G.R. No. 117680. February 09, 1996 (323 Phil. 657)


Sought to be reversed by the Court is the 13th August 1993 decision of the Court of Appeals nullifying the approval,[1] dated 10 December 1992, by the Board of Investments ("BOI") of the application of First Lepanto Ceramics, Inc., for an amendment of its Certificate of Registration No. EP 89-452 that would change the registered product from "glazed floor tiles" to "ceramic tiles."

Petitioner First Lepanto Ceramics, Inc., was registered as a "non-pioneer enterprise" with public respondent BOI having been so issued, on 16 October 1989, a Certificate of Registration (No. EP 89-452) under Executive Order No. 226, also known as the Omnibus Investments Code of 1987, in the manufacture of glazed floor tiles. Among the specific terms and conditions imposed on First Lepanto’s registration were that:
"1. The enterprise shall export at least 50% of its production; (and)
"2. The enterprise shall produce only glazed floor tile."[2]
First Lepanto was, by virtue of its registration, granted non-fiscal and fiscal incentives by the BOI, including an exemption from taxes on raw materials and tax and duty exemption on its imported capital equipment.

Private respondent Mariwasa Manufacturing, Inc., a competitor of First Lepanto, is also registered with the BOI as a non-pioneer producer of ceramic tiles (Certificate of Registration No. 89-427).

In a letter, dated 10 August 1991, addressed to the BOI, First Lepanto requested for an amendment of its registered product to "ceramic tiles" in order to likewise enable it to manufacture ceramic wall tiles; however, before the BOI could act on First Lepanto’s request for amendment, Mariwasa and Fil-Hispano Ceramics, Inc., already had on file their separate complaints with the BOI against First Lepanto for violating the terms and conditions of its registration by the use of its tax and duty-free equipment in the production of ceramic wall tiles.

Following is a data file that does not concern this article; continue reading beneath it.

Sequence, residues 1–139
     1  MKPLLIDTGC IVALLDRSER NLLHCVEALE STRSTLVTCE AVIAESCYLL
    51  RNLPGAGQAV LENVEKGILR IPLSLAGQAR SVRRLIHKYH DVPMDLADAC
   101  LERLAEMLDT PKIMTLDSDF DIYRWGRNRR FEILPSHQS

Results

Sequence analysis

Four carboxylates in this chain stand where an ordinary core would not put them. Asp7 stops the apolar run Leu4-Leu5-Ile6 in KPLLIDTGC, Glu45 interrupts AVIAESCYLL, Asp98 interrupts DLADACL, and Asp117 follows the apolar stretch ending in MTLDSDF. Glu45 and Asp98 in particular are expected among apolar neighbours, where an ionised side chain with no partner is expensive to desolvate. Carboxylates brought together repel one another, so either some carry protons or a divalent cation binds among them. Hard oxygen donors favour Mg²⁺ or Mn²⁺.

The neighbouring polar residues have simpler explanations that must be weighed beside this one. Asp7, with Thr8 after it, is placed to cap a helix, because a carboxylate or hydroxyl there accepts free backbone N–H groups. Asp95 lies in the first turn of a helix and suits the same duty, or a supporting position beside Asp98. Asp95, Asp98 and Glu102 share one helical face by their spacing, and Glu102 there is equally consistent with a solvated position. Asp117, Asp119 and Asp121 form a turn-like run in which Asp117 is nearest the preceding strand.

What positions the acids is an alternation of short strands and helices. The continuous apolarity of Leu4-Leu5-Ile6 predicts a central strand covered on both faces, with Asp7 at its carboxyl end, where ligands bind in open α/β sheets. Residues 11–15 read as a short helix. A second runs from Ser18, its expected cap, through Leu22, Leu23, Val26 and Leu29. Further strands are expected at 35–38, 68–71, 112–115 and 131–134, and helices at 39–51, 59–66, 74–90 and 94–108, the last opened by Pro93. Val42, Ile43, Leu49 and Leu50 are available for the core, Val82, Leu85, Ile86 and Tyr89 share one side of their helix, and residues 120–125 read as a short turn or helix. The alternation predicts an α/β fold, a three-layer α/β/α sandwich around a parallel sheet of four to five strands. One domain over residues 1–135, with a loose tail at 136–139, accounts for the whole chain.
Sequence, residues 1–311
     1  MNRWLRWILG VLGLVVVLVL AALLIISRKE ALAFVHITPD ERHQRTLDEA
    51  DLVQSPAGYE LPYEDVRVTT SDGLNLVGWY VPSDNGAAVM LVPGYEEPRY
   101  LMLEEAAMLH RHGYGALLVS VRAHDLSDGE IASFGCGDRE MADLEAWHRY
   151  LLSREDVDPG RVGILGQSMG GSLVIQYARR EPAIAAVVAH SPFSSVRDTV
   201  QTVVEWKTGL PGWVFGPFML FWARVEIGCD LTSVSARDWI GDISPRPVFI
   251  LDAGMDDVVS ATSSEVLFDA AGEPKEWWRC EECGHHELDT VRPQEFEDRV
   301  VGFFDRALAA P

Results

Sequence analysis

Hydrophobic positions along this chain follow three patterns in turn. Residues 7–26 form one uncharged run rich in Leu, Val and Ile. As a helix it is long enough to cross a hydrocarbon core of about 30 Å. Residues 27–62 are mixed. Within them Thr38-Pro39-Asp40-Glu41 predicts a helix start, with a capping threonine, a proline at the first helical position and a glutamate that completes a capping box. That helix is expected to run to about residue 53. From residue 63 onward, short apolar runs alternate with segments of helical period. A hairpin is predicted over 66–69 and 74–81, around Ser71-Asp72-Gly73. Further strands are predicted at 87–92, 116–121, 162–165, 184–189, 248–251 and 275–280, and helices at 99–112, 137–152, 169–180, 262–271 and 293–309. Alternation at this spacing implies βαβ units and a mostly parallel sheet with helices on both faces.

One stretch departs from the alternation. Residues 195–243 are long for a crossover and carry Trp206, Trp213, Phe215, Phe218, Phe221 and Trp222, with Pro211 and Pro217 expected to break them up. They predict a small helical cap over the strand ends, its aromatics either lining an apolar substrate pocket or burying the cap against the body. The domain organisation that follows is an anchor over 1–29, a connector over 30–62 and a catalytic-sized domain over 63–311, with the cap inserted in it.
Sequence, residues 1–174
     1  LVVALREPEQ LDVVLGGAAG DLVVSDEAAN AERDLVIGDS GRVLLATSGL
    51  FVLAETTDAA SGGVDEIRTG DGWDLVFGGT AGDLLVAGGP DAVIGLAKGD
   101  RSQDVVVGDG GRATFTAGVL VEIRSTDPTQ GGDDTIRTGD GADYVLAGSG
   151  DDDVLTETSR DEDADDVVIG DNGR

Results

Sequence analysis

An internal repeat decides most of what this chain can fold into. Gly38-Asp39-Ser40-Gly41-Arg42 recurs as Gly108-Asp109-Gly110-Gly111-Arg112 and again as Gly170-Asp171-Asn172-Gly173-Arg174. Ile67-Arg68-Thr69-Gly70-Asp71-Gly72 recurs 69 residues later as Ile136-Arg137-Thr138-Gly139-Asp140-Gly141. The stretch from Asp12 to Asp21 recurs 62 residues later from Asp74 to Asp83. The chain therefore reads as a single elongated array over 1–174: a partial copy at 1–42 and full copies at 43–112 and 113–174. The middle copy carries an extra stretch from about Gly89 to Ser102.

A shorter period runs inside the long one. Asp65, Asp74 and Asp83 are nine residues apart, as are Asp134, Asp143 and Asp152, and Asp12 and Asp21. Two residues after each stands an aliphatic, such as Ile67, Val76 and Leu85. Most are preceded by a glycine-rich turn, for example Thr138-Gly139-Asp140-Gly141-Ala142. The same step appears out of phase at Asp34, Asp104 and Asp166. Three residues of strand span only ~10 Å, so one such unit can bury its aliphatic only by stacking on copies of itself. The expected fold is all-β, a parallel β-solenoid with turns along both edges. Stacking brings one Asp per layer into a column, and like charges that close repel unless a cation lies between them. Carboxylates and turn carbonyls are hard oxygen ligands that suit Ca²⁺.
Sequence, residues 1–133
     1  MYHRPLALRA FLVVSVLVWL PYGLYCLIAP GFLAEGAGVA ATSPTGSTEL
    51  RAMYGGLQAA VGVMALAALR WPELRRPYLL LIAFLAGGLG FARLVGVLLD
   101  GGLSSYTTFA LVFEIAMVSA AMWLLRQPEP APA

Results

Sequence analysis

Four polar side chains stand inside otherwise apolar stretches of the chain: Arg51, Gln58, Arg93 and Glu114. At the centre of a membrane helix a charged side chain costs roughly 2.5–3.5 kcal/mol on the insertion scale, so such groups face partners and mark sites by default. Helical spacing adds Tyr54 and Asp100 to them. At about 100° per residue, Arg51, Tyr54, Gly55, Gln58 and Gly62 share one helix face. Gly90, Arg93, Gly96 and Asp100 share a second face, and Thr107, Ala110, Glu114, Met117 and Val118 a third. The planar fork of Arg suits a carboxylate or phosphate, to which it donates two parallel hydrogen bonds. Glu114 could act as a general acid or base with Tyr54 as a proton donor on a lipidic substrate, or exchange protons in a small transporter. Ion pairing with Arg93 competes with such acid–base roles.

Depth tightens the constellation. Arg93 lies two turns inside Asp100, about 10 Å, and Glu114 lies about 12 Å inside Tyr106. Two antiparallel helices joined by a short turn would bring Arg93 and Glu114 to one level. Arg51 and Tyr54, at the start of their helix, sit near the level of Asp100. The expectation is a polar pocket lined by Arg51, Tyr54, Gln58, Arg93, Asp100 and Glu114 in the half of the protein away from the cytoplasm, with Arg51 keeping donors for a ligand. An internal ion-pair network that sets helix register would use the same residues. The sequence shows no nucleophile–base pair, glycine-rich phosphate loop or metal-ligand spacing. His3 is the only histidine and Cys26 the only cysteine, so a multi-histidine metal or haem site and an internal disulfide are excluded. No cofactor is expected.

On 30 April 1992, the BOI rendered a decision finding First Lepanto guilty and imposing on the latter a fine of P797,950.40 without prejudice, however, 1) to an imposition of additional penalty should First Lepanto continue to commit the same violation; and 2) to the Board’s authority to consider/evaluate First Lepanto’s request for an amendment of its certificate of registration, including, among other things, a change in its registered product from "glazed floor tiles" to "ceramic tiles."[3]

After paying the imposed fine, First Lepanto, on 20 June 1992, formally filed its application with the BOI (docketed BOI Case No. 92-005)[4] to amend its registered product from "glazed floor tiles" to "ceramic tiles."

On 06 August 1992, another verified complaint was filed by Mariwasa with the BOI (docketed BOI Case No. 92-004) which asseverated that, despite BOI’s finding that First Lepanto had violated the terms and conditions of its registration, the latter still continued with its unauthorized production and sale of ceramic wall tiles. Respondent BOI dismissed the complaint for lack of merit.[5] Its motion for reconsideration having been denied, Mariwasa appealed the case to the Office of the President.[6]

In the meantime, First Lepanto caused the publication, on 24 September 1992, in the Manila Bulletin of a notice on the official filing with the BOI of the aforementioned application for amendment of Certificate of Registration No. EP 89-452 (BOI Case No. 92-005).[7] Mariwasa opposed the application. On 10 December 1992, respondent BOI handed down its decision approving First Lepanto’s application.

Mariwasa went to the Court of Appeals via a petition for review, with an application for a writ of preliminary injunction and/or temporary restraining order, assailing the decision of the BOI. On 17 February 1992, the appellate court issued a temporary restraining order enjoining the BOI and First Lepanto from enforcing or executing the assailed ruling. First Lepanto moved for the dismissal of the petition and to lift the restraining order. The motion was denied. On 13 August 1993, the Court of Appeals rendered its now disputed decision[8] annulling the 10th December 1992 decision of the BOI. First Lepanto moved for a reconsideration but it was denied.

Hence, the instant recourse.

The Court grants the petition.